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Language Is No Barrier For Senior Companions

Emily Proctor

Frank Havlick and Chuck Gheer get together every Tuesday at Chuck’s place. It’s a small room with a twin bed, a recliner in the corner, and pictures of children hanging on the walls. Here they read scripture, listen to music and chat about life.

"Look at this picture of women and they’re always what? Beautiful! I said, you like to marry her? I said yes," Havlick jokes with Gheer.

Havlick and Gheer didn't meet by chance, they had some help from a program called Senior Companions through Missoula Aging Services.

Havlick’s an almost-75-year-old Czech native. Gheer is 60 and from Washington, but now he lives off Reserve Street at Beehive Homes in Missoula. He suffers from a brain injury he got in a car accident at age twenty-four. This affected his sight, he’s completely blind, and his memory.

"In the past I don’t remember much of anything," said Gheer. "Like what I did yesterday or even what I had for breakfast. Because of this, the head injury."

Gheer is one of the 163 clients the program is helping this year. Before Havlick’s work as a senior companion, he worked in Las Vegas for a few years until retiring and moving to Montana to be closer to his son. But when he got here, he found he had too much free time. That’s when he met a lady through Missoula Aging Services who recommended Havlick become what they call a “senior companion.”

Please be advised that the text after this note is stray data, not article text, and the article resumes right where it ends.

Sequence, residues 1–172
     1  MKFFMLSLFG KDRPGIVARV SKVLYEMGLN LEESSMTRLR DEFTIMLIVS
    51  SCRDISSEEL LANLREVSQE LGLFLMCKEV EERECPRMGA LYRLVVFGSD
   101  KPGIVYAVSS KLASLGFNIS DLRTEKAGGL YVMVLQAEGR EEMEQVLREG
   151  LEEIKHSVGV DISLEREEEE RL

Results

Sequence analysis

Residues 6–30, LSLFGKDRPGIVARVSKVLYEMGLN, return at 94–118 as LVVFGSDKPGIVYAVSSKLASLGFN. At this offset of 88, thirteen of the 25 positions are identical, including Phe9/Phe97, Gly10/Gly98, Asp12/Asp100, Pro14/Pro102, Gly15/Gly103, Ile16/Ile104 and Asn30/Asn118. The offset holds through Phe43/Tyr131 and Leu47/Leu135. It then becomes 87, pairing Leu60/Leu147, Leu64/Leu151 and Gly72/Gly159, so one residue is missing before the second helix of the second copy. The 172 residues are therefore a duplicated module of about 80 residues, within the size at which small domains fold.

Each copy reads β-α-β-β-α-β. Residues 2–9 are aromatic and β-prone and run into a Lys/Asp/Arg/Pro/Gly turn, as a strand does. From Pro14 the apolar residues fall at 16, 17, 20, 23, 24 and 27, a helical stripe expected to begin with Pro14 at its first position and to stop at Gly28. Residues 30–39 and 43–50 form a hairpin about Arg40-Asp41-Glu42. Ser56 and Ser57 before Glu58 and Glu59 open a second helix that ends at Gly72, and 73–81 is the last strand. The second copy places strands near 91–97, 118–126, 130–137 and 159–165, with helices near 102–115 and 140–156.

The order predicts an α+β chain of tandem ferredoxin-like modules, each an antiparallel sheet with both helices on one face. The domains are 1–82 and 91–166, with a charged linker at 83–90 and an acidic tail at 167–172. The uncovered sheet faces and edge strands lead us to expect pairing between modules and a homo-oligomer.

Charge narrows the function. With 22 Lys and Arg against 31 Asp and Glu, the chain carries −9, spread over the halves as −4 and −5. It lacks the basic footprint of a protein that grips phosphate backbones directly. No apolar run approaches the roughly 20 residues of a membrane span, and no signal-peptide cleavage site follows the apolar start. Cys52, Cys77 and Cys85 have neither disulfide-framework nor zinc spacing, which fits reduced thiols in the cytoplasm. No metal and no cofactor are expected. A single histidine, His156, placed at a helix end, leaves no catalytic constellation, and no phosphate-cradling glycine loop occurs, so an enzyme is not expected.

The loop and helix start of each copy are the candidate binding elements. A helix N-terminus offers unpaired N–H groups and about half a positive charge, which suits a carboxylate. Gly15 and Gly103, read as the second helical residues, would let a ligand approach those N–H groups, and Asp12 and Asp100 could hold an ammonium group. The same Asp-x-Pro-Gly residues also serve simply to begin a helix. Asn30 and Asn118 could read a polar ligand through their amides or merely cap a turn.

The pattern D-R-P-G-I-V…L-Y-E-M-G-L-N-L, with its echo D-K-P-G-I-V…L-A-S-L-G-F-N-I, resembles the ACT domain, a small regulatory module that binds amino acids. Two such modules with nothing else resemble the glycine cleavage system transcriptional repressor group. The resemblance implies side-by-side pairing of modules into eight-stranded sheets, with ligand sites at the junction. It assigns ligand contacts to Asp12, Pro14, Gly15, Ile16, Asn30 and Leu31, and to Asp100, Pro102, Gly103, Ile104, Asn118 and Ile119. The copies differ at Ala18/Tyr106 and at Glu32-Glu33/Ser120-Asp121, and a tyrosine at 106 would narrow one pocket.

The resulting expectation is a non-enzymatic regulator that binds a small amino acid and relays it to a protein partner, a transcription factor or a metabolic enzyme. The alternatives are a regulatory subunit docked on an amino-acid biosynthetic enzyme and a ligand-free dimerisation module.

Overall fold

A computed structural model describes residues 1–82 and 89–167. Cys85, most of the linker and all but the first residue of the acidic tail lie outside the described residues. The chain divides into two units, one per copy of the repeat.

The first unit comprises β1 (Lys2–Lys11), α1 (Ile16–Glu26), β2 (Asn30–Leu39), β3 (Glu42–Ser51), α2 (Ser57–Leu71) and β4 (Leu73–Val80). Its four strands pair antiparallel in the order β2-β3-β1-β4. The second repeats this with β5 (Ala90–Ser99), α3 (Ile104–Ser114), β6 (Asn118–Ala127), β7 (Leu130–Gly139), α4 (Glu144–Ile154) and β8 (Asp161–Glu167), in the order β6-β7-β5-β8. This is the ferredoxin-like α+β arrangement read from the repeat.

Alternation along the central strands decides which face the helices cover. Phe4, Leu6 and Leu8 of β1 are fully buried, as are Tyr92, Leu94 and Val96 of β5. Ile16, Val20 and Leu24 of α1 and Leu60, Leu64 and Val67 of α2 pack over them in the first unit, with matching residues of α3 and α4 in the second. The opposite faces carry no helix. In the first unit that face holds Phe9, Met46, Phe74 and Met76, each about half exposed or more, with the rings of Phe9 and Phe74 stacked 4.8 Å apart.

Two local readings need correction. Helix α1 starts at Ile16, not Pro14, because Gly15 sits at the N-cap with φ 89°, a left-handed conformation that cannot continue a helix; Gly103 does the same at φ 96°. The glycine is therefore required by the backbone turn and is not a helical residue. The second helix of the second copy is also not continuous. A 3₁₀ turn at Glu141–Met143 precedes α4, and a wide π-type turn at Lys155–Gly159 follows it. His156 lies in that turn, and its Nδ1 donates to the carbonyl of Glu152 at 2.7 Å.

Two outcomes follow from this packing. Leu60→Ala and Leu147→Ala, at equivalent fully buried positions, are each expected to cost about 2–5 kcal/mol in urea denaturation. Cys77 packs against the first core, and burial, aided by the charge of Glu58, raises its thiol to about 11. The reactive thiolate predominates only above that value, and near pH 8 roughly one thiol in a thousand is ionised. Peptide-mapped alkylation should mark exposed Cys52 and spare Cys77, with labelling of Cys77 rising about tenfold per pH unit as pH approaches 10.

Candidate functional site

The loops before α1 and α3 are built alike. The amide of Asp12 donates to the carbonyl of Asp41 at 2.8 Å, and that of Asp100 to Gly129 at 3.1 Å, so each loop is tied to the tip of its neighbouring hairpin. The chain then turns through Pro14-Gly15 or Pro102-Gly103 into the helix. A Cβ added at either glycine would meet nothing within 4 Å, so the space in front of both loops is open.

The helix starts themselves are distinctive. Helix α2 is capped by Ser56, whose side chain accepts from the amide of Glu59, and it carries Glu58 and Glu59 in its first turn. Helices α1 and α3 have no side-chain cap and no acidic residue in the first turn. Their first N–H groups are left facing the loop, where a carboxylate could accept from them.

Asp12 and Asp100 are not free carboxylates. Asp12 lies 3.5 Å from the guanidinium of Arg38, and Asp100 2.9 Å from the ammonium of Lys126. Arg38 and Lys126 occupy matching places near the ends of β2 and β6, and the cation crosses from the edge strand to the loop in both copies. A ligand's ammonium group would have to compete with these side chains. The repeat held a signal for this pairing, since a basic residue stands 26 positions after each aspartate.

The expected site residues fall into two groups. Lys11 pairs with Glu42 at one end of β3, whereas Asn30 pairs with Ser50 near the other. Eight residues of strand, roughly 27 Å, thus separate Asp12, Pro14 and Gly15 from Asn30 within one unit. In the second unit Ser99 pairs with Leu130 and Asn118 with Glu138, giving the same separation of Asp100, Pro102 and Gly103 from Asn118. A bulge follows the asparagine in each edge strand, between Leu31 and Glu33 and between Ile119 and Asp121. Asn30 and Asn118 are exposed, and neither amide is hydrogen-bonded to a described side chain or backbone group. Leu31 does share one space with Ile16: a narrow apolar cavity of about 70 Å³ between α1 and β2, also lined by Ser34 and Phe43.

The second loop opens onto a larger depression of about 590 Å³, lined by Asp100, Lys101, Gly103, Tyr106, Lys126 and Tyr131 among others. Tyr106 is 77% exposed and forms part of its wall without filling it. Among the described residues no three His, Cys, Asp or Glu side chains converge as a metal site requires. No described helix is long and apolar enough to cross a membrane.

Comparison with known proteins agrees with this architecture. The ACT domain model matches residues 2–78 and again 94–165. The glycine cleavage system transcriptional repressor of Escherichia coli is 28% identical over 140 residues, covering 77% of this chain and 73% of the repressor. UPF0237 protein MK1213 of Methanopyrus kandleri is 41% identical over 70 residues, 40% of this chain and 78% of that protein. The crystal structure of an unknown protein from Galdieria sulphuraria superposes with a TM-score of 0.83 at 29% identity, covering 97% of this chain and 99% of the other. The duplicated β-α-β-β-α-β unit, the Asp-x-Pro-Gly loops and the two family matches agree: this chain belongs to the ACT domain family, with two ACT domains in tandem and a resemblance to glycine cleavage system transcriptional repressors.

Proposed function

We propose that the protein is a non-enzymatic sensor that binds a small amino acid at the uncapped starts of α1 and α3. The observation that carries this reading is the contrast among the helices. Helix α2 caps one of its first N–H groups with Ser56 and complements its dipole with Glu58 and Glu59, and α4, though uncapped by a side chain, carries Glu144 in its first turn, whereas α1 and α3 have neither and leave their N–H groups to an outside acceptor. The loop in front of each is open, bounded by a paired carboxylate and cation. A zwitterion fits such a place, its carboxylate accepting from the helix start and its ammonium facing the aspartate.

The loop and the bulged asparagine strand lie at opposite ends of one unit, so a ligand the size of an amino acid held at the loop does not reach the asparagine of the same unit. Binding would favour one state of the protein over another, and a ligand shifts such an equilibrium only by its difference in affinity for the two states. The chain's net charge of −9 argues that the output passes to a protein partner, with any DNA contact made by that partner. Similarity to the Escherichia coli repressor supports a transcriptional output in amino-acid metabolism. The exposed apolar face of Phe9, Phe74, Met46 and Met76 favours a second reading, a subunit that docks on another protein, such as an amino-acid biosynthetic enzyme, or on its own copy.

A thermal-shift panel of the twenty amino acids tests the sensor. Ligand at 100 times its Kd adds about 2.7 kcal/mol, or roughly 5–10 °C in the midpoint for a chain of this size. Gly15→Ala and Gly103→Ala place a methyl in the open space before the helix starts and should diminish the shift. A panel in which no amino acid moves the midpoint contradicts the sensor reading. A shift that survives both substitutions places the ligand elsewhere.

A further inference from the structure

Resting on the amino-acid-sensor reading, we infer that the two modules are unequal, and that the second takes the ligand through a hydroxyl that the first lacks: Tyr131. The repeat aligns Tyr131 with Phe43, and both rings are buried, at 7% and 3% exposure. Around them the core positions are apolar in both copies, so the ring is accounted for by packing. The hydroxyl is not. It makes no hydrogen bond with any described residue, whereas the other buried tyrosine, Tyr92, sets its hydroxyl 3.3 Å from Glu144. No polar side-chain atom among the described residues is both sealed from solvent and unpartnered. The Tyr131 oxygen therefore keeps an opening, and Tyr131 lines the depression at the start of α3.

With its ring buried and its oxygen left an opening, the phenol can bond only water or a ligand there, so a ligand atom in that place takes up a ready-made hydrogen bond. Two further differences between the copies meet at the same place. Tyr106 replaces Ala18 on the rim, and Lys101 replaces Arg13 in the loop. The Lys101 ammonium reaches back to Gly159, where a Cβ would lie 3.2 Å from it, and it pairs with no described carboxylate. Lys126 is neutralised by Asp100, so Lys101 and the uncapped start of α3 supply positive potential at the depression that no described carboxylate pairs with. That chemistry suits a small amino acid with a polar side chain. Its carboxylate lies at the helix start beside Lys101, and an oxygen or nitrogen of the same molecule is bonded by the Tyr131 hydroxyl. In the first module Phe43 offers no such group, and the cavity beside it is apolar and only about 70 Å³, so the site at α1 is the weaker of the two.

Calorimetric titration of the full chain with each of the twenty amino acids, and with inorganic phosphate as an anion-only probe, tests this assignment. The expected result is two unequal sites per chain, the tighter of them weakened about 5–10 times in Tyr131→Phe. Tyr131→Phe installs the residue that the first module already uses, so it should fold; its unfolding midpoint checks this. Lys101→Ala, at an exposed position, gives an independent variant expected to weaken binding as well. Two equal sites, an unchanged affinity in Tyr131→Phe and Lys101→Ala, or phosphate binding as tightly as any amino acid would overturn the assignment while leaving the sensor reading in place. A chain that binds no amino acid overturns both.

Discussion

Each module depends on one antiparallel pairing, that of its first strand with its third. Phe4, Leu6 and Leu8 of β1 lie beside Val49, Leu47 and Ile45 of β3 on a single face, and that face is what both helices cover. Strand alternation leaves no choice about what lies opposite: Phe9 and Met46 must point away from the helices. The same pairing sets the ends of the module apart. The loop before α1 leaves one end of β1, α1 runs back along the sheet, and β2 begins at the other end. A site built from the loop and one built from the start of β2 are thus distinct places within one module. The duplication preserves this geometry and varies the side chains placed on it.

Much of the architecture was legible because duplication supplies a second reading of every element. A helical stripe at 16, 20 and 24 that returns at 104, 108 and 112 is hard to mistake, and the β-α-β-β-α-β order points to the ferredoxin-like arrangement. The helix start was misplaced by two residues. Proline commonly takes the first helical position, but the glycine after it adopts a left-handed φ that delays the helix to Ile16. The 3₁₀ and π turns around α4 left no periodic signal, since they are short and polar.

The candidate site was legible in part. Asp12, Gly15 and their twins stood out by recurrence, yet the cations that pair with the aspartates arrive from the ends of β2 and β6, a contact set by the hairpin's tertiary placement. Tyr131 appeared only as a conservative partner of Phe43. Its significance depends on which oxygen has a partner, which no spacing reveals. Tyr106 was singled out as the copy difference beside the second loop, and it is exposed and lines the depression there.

"So it was good for me that I have at least somebody I may talk to you know," said Havlick. "If I wasn’t working for this, I actually wouldn’t use English for speaking at all."

There are fewer than 30 volunteers for the program for the Missoula area and more are needed. Senior companions need to be at least 55 and in relatively good health. Senior companions do all sorts of things for their clients: drive them to doctors appointments, help with basic chores around their homes, take them out for lunch. The bigger goal is to help other older people keep their independence by keeping them out of nursing homes.

"One of my clients can’t move left hand only right hand," explained Havlick. "But he is, he loves cribbage and I come over there playing cribbage."

Right now, Havlick has four clients he visits with weekly. But he’s had up to six at a time in his eleven years with the program. He said he’s made many friendships this way, but there’s an additional perk too. The companions actually get paid for the hours they spend with clients if they meet minimum income standards.

"We spend with these clients about four hours so we get $10 and I’ll tell you something, this is actually the only money I may spend," he said.

It’s a non-taxable stipend of $2.45 an hour. It doesn’t sound like much, but for Havlick, it’s his only disposable income after collecting his retirement. He was able to save it over time to do something pretty special.

"I went with my grandson in Czech Republic," said Havlick. "You know what, I paid for the trip, everything for two people. Everything I paid."

It meant so much to take his eldest grandchild to the place he was raised. That happened because of the time he makes for people who need just a little help.

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